The military’s latest denial is an attempt to muzzle further discussion of its internal tensions. In the past, serving and retired personnel were hauled up after the 2003 assassination attempts on then President Pervez Musharraf, who tried to purge Islamist sympathizers from the ranks. When I met Musharraf four years later, he expressed alarm over the 200-odd soldiers who had surrendered to Taliban leader Baitullah Mehsud without firing a shot, and the refusal of Cobra helicopter pilots to take targets in the tribal areas. Scores of quiet court-martials followed.
Similar arrests were also made days before and after the May 22 attack at the Mehran navy base in Karachi. Journalist Saleem Shahzad, whose last report for Asia Times Online suggested Al Qaeda may have infiltrated Navy ranks, was found dead on May 31. The Inter-Services Intelligence directorate is widely held to have been involved in his killing. In a rare press release that followed, the spy agency warned news organizations not to “deliberately malign the [ISI] in the eyes of the people.” The military needs no help there. Last week, paramilitary troops shot and killed an unarmed man in Karachi. Footage of the killing has gone viral and further inflamed public sentiment against the generals.
Abbottabad, the escalation in drone strikes, subsequent intelligence failures and perceived excesses have been game changers for the military. After the government gave him an unprecedented full-term extension last year after consulting Washington, General Kayani, once trumpeted as a professional solider—an image he studiously cultivated—is now derided as someone who cuts deals with venal politicians and America. His meet-and-greets at mess halls across Pakistan have not been feel-good affairs. Now, with journalists and politicians having declared open season on the military, the institution may be taking refuge in anti-Americanism, ramping it up in the hope that this will help close ranks and rally support from an exhausted public.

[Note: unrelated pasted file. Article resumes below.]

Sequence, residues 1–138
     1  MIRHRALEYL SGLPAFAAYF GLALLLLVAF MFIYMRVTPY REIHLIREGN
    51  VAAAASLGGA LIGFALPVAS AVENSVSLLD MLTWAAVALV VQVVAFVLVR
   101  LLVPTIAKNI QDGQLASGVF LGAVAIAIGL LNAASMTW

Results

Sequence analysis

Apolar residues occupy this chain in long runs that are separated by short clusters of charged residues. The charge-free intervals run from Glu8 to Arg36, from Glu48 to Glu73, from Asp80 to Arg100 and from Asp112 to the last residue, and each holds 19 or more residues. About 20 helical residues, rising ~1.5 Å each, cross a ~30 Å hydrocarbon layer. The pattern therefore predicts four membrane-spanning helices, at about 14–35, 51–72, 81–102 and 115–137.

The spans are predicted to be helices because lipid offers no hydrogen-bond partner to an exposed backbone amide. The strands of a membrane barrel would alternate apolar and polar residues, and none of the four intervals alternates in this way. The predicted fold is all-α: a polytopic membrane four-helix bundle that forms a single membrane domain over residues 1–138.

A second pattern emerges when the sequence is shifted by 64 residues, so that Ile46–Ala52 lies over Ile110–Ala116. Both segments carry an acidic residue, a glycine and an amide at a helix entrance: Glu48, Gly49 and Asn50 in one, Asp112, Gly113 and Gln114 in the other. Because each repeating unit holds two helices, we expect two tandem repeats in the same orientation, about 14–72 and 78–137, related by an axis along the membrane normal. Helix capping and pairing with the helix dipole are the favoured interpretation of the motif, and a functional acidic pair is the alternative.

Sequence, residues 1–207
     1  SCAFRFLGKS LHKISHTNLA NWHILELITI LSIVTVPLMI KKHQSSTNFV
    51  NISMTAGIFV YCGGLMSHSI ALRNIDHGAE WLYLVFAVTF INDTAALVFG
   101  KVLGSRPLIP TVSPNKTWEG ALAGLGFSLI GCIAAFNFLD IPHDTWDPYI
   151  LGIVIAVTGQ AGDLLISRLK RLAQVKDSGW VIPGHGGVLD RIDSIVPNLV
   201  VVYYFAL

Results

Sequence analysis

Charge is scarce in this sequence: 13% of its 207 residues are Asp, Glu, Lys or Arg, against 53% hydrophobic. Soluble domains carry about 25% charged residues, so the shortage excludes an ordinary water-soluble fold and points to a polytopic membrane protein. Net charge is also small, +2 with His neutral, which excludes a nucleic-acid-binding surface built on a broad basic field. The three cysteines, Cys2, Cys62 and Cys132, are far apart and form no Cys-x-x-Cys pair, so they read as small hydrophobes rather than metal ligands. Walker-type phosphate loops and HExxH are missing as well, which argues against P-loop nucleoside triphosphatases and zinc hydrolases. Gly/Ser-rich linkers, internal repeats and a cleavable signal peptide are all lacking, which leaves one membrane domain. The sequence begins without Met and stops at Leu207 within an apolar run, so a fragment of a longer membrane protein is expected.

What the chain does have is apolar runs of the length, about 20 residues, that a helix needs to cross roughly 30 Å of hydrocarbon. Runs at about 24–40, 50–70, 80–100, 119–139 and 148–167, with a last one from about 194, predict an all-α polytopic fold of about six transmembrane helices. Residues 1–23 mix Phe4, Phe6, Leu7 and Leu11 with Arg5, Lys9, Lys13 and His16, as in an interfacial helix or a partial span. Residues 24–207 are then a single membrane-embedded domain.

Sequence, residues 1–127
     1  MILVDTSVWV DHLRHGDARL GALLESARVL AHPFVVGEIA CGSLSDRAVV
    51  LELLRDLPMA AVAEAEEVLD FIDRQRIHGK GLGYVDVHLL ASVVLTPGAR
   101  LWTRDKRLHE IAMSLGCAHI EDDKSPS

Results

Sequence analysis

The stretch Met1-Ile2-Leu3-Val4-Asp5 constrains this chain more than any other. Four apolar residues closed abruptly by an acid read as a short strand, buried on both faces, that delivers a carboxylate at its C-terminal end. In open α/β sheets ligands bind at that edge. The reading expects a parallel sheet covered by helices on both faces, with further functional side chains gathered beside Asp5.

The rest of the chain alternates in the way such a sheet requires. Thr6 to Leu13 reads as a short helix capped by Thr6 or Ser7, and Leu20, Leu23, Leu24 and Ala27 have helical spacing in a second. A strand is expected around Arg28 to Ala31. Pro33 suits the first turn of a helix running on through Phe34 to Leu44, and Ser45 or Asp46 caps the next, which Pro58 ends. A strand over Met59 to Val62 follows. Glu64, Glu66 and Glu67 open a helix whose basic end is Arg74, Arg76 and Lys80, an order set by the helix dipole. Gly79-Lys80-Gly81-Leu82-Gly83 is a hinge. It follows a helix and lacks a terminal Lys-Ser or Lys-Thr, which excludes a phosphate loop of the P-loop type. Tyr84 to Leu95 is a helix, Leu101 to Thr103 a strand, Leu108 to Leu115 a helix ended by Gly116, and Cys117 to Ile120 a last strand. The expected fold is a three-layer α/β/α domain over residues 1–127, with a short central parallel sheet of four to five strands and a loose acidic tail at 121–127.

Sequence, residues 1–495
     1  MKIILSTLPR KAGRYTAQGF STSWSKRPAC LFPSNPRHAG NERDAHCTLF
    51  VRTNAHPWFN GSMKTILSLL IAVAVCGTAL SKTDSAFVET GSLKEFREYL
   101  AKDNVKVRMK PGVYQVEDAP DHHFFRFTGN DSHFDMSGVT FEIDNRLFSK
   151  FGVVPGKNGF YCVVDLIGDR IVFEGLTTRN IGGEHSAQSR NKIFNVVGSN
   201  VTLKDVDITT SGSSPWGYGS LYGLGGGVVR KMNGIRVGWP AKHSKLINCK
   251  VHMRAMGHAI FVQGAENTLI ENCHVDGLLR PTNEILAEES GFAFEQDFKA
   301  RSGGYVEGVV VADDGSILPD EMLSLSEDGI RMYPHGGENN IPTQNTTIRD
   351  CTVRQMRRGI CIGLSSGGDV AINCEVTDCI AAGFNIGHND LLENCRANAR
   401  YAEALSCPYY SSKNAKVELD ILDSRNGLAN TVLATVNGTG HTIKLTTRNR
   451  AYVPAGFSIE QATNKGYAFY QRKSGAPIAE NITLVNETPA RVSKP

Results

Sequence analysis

Over the past few months, the military is believed to have disclosed the tightly guarded identities of two successive CIA station chiefs in Pakistan; encouraged a local lawsuit against the U.S. secretary of defense; leaked news about the CIA status of Raymond Davis, who shot and killed two Pakistanis in January; given the state of war, gone out of their way to demand the arrests of American citizens who may have overstayed their visas; and planted stories about ISI chief Gen. Shuja Pasha scolding the CIA’s Panetta in Washington. It has complained publicly about drone strikes in an odd act of self-emasculation, and U.S. military and economic assistance in what comes across as ingratitude. The military has also, according to a June 9 press release, “drastically cut down the strength of U.S. troops stationed in Pakistan.”
Smarting from the string of recent disasters and withering scrutiny at home and abroad, the military has lapsed into the resentments of the early 1990s, when the U.S. cut Pakistan loose after a decade of working the Afghan jihad together. Given the antipathy toward the U.S. and sympathies for the militants among the troops, the Army brass finds itself hard placed to challenge the terrorists it had once unscientifically divided into “good” and “bad,” who attack soldiers and civilians alike. If they go after the militants, they risk losing the ranks. If they let the U.S. do their job for them, they risk losing their raison d’être.